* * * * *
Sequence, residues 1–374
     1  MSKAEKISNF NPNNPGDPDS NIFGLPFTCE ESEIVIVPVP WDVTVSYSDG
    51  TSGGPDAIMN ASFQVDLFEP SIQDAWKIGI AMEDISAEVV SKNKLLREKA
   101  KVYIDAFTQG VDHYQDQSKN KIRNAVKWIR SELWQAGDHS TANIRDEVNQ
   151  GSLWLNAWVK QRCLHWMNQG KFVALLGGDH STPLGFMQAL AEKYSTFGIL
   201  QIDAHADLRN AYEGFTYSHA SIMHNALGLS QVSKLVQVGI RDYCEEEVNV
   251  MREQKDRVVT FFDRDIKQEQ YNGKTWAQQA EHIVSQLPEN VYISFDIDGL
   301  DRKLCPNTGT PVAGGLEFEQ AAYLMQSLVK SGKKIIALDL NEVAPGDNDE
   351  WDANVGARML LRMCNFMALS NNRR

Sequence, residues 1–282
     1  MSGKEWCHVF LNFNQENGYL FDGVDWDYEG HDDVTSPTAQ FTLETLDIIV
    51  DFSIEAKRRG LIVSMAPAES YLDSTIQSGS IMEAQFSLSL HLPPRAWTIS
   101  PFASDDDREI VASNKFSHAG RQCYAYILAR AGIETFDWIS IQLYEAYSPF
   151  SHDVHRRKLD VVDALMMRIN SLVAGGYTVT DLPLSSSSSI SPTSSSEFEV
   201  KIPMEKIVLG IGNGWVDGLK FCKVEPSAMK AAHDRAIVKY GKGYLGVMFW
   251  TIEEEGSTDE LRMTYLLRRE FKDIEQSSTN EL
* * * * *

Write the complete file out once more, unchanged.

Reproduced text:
Sequence, residues 1–374
     1  MSKAEKISNF NPNNPGDPDS NIFGLPFTCE ESEIVIVPVP WDVTVSYSDG
    51  TSGGPDAIMN ASFQVDLFEP SIQDAWKIGI AMEDISAEVV SKNKLLREKA
   101  KVYIDAFTQG VDHYQDQSKN KIRNAVKWIR SELWQAGDHS TANIRDEVNQ
   151  GSLWLNAWVK QRCLHWMNQG KFVALLGGDH STPLGFMQAL AEKYSTFGIL
   201  QIDAHADLRN AYEGFTYSHA SIMHNALGLS QVSKLVQVGI RDYCEEEVNV
   251  MREQKDRVVT FFDRDIKQEQ YNGKTWAQQA EHIVSQLPEN VYISFDIDGL
   301  DRKLCPNTGT PVAGGLEFEQ AAYLMQSLVK SGKKIIALDL NEVAPGDNDE
   351  WDANVGARML LRMCNFMALS NNRR

Sequence, residues 1–282
     1  MSGKEWCHVF LNFNQENGYL FDGVDWDYEG HDDVTSPTAQ FTLETLDIIV
    51  DFSIEAKRRG LIVSMAPAES YLDSTIQSGS IMEAQFSLSL HLPPRAWTIS
   101  PFASDDDREI VASNKFSHAG RQCYAYILAR AGIETFDWIS IQLYEAYSPF
   151  SHDVHRRKLD VVDALMMRIN SLVAGGYTVT DLPLSSSSSI SPTSSSEFEV
   201  KIPMEKIVLG IGNGWVDGLK FCKVEPSAMK AAHDRAIVKY GKGYLGVMFW
   251  TIEEEGSTDE LRMTYLLRRE FKDIEQSSTN EL